The only evidence of external identification cited in the petition for 1900 to 1929 is a few birth records in Swanton that petitioner claims indicate the individuals are Indian or Indian-White (Petition: 147). Examination of the actual records does not confirm this. Most of the records actually indicate no race or "White" for the children. These are analyzed in detail in the section Criterion (e): Petitioner's Evidence of Indian Births is Contradicted by
Original Records. Copies of the birth records are included in the Exhibits (Swanton, Vermont, Town Clerk 1904-1920). Furthermore, petitioner states the indications of Indian race in these listings (to the extent there are any) are attributable to an Indian midwife (Petition: 147). This presents two problems as evidence of identification as an Indian entity.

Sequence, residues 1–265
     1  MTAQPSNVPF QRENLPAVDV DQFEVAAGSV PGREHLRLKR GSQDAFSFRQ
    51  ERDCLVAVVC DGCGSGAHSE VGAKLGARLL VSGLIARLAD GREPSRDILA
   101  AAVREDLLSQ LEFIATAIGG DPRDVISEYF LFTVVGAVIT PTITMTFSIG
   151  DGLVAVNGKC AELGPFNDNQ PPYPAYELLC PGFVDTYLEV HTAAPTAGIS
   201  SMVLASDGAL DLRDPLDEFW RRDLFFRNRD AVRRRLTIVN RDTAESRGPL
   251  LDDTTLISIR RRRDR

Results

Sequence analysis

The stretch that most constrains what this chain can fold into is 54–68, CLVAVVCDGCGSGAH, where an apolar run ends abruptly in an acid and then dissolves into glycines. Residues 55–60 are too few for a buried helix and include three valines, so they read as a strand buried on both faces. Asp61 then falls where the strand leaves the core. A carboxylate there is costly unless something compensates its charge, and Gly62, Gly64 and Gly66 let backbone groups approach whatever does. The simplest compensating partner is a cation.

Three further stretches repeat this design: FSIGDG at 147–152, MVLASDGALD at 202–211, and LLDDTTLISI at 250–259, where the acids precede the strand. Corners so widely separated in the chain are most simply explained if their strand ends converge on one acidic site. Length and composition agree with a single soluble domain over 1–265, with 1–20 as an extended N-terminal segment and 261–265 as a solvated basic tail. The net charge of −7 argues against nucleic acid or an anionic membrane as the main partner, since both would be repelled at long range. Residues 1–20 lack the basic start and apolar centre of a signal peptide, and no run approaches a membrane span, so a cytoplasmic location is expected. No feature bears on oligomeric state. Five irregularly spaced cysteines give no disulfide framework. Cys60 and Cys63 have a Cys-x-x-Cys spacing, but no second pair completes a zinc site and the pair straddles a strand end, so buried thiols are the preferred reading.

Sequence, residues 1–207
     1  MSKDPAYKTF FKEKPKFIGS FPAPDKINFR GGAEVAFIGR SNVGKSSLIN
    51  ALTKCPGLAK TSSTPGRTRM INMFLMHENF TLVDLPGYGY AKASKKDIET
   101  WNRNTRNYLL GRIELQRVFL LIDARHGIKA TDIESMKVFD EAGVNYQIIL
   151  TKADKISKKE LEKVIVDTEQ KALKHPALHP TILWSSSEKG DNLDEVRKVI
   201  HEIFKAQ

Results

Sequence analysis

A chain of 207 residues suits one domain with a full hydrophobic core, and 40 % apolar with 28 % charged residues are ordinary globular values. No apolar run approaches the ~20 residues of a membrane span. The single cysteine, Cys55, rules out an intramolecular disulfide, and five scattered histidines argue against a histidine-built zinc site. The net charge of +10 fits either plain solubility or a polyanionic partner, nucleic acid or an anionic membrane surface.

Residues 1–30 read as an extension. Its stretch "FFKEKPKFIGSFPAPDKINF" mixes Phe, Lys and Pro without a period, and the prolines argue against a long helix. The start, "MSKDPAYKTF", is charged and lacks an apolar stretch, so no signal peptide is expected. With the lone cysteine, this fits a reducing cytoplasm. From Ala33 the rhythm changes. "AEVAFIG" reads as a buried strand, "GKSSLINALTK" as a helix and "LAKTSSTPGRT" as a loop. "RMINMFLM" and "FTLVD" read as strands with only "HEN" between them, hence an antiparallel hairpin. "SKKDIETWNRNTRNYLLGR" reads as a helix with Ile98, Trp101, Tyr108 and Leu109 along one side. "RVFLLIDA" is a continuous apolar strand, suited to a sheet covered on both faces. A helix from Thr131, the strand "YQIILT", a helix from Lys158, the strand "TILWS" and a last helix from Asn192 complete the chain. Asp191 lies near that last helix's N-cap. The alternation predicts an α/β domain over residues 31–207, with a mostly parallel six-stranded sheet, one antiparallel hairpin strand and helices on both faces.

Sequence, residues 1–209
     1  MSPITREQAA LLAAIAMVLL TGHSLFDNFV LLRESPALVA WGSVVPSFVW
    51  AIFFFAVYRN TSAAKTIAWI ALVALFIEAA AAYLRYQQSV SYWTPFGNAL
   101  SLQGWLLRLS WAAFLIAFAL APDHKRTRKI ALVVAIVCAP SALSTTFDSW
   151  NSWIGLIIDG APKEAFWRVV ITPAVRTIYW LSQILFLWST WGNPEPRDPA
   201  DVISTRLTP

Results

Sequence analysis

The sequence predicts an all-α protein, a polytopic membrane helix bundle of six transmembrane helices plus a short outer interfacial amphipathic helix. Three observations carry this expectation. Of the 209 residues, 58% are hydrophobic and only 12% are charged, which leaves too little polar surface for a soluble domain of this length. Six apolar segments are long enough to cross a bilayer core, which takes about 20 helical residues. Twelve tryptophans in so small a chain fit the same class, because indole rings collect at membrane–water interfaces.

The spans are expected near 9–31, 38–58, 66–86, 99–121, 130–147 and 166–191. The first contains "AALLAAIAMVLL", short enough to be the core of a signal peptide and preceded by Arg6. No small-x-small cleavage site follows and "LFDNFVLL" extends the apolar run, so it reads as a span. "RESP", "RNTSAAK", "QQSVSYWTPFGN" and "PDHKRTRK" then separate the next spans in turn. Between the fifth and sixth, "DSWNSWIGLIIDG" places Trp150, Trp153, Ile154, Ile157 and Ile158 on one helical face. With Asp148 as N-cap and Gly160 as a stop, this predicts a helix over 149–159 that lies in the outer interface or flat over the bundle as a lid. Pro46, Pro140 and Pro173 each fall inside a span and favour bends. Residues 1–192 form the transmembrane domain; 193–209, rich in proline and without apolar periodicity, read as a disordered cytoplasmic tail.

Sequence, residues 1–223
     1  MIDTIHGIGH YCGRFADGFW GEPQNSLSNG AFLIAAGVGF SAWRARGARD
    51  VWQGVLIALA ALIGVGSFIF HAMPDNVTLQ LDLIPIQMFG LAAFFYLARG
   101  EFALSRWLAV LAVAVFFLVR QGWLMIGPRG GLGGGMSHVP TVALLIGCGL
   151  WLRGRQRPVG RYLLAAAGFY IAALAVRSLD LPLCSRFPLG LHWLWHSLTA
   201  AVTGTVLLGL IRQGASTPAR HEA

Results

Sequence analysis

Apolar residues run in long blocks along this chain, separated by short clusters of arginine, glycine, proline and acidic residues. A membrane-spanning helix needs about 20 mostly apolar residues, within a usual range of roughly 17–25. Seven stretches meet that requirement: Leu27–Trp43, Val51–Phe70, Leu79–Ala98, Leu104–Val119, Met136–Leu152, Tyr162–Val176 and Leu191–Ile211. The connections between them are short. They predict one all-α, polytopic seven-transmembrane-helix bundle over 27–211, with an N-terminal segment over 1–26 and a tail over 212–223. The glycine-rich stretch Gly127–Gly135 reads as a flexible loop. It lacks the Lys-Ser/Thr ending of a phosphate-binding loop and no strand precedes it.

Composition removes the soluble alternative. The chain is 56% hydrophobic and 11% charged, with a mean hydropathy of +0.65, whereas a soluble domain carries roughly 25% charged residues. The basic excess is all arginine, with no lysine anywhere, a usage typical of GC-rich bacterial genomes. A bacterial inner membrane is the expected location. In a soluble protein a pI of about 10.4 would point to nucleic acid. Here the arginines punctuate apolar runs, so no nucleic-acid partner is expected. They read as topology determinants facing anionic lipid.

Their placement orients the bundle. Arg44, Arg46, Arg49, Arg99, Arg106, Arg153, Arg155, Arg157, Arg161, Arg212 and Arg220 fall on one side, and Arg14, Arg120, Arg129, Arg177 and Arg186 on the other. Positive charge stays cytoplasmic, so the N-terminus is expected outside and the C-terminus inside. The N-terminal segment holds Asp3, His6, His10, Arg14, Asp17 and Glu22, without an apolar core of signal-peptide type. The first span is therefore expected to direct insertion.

The first is that these birth records are not identifications of an Indian entity; they are identifications of individuals. As such they represent only scattered identification of separate persons during a very small window of time—a time that is otherwise devoid of external identifications. This is insufficient evidence for Criterion (a) (BIA Chinook Indian Tribe 2002:46205). Secondly, if the midwife was Indian, as the petition asserts, then these records are not identification by outsiders.

1930 to 1947

External Observations Silent on Existence of Any Contemporary Abenaki Tribe
In 1934, Gladys Tantaquidgeon presented her survey of New England Indians to the Commissioner of Indian Affairs at the Department of the Interior. She identified nine tribes in the New England states of Maine, Massachusetts, Connecticut, and Rhode Island. Her report does not mention a single group in Vermont (Tantaquidgeon 1934).